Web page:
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Neonatal seizures or convulsions: All you need to know, tests to detect them | Health

Whenever any parent hears that their baby is having convulsions or seizures – the first reaction of the parents is, “Isn’t the baby too young?”, “Can the baby get convulsions at this age?”, “Is the baby going to survive?”, “If they do – are they going to be normal?”, “Will they become epileptic?” All these are common questions which come across a parent’s minds – some express it and some suffer silently.

Neonatal seizures or convulsions: All you need to know, tests to detect them (Matej Kastelic/Zoonar/picture alliance )
Neonatal seizures or convulsions: All you need to know, tests to detect them (Matej Kastelic/Zoonar/picture alliance )

In an interview with HT Lifestyle, Dr Kishore Kumar, Neonatologist and Pediatrician at Cloudnine Group of Hospitals in Bengaluru, explained, “Neonatal convulsions are abnormal movements of the body or portions of the body due to abnormal activity in the brain. They are relatively rare, affecting 1 in 1000 live birth babies. The fact of life is that neonatal convulsions or seizures most often are preventable. Newborn babies’ brains develop too fast – their brain size (measured by head circumference is 35 cms at birth and by 2 years of age it is usually around 50 cms.) Adult head size is generally around 54 to 55 cms. It means that >90% of the brain growth happens in the first 2 years – so the brain of a newborn is susceptible to lot of insults – which can and should be prevented.”

He elaborated, “The convulsions in a newborn baby can either be “obvious” or “subtle” – which can easily be missed if the observant is not experienced enough. The convulsions need to be treated. Development of the baby need to be monitored. Generally treating the underlying cause is enough is most cases – like oxygen for hypoxia, calcium supplementation for hypocalcaemia, sugar for hypoglycaemia – but sometimes if the cause is unknown or if the baby is getting repeated convulsions – we do use anti- convulsant meds – as required for few months. Obvious convulsions generally – depends on the number of days of life and the causes are usually expected from that.”

Obviously, these are general rules but Dr Kishore Kumar revealed that there are exceptions sometimes for every rule.

  1. Most convulsions on first day of life are due to either lack of adequate oxygen to the brain – called asphyxia or due to birth injuries causing significant swelling of the brain. Sometimes they could be due to malformations or deformations of the brain too.
  2. Second day convulsions are usually due to imbalances of some electrical chemicals like low calcium, low magnesium, low sugar and other abnormalities which if corrected settles down.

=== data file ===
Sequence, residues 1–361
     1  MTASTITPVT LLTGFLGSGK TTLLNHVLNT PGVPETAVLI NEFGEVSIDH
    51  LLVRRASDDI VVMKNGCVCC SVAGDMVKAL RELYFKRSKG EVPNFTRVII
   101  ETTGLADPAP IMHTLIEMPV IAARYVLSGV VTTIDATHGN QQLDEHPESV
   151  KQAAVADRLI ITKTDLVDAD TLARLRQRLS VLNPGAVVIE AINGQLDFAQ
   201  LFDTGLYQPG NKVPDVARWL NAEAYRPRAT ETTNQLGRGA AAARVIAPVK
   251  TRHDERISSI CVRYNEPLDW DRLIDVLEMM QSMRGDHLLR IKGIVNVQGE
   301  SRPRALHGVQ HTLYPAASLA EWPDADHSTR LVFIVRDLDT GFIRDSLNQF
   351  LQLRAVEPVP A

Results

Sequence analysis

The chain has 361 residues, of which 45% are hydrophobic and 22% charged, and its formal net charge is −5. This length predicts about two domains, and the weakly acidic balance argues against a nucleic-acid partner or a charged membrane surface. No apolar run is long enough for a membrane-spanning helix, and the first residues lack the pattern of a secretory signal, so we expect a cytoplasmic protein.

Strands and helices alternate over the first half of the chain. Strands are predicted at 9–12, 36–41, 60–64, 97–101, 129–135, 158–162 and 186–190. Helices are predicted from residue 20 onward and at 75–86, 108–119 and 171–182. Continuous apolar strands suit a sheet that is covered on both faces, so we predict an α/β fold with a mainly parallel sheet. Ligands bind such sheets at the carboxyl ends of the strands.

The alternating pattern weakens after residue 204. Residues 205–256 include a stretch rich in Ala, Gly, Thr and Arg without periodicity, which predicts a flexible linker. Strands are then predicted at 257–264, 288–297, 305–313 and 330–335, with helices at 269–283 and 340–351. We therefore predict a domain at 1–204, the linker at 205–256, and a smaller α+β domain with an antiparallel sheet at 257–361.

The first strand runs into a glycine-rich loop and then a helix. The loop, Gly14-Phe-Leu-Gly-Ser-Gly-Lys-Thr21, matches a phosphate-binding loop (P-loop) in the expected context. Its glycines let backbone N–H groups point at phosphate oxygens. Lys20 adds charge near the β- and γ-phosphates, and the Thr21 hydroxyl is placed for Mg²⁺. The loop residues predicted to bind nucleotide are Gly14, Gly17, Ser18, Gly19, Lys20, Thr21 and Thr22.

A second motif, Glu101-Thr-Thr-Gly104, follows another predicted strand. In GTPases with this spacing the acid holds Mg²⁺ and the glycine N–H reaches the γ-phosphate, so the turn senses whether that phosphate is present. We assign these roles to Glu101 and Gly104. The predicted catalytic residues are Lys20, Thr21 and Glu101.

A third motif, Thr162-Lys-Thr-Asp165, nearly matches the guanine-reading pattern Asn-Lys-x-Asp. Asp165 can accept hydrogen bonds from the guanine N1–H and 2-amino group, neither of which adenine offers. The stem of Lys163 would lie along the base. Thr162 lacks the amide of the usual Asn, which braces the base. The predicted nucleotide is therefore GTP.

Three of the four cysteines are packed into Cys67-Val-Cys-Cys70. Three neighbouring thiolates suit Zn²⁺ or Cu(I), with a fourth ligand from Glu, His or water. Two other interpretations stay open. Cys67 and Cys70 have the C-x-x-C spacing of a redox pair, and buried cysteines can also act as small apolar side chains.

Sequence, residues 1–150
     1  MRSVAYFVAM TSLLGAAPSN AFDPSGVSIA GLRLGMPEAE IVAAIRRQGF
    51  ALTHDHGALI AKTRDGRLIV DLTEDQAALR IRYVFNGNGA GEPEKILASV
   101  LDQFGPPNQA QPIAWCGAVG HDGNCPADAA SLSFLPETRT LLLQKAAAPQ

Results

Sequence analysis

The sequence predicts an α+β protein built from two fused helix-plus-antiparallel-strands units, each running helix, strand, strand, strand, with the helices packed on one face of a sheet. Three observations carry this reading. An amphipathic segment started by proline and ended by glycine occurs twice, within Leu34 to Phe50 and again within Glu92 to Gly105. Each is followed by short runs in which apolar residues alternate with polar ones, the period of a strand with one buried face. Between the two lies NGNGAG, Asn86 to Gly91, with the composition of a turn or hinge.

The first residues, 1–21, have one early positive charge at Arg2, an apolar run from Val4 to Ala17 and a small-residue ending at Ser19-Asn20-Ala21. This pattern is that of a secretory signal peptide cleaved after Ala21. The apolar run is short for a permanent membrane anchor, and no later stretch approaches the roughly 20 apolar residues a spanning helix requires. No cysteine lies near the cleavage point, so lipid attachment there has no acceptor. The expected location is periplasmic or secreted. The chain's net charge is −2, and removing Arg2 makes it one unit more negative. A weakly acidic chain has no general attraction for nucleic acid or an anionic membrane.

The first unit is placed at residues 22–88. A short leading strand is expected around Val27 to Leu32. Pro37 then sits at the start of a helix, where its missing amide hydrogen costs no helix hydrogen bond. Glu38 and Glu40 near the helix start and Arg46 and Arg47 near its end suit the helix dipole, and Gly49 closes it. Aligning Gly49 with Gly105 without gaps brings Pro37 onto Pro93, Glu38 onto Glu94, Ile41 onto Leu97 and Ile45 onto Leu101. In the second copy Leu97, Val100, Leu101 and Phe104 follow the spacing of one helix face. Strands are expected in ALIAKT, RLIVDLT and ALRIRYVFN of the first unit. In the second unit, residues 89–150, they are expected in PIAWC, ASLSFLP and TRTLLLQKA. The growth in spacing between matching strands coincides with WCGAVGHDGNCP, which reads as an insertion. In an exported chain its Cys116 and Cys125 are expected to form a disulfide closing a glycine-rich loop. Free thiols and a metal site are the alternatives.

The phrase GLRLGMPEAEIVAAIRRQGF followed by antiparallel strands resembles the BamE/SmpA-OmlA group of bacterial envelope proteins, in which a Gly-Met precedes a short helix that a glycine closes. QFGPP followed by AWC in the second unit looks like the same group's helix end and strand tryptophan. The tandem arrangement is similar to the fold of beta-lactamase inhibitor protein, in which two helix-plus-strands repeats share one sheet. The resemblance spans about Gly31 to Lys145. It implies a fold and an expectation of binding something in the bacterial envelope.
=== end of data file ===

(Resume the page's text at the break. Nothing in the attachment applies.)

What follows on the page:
3. Third day convulsions are usually thought to be sinister – meaning metabolic in nature – due to problems in digesting the food either carbohydrates or proteins or fats – and the metabolites of these food items forms toxic molecules causing the convulsions usually due to swelling of the brain, as a result. Identification of this is crucial as damage occurs by every hour – and this is where Newborn Screening for metabolic disorders is crucial and in Cloudnine all babies are tested for these as a rule as per the international good practices.
  4. Fourth day convulsions generally can be either due to genetic predisposition or any of the above factors.
  5. Fifth day convulsions – in the past traditionally have been called “due to unknown factors” but lately we have found deficiency of Biotin could be a causative factor.

Highlighting that subtle convulsions are sometimes difficult to pin point or diagnose and could be easily missed by new staff who are inexperienced, Dr Kishore Kumar said, “They could manifest in the form of unusual cry, or unusual movements or unusual behaviour or sometimes just cycling movements of arms or legs or both.”

Tests to detect neonatal convulsions

According to Dr Kishore Kumar, tests to detect neonatal convulsions include blood tests for electrolyes, calcium, magnesium, metabolic screening and sometimes brain wave activity test EEG and scans like MRI Brain. He said, “Prompt diagnosis of the cause of convulsions is important for effective treatment so that lifelong damage is prevented. These days, if no cause is found, then we can screen for any genetic cause by doing genomic studies for convulsions.”

He concluded, “Overall, generally the prognosis for convulsions in newborn are fairly good provided their cause is identified and rectified as soon as possible. The longer it takes to identify the cause the greater the damage to the brain. Parents, staff, and relatives are all anxious when a baby is convulsing. Convulsions are usually stopped by giving anti- convulsant medication/s. Ultrasound head or MRI brain and EEG are sometimes required to identify the cause of the convulsions.”

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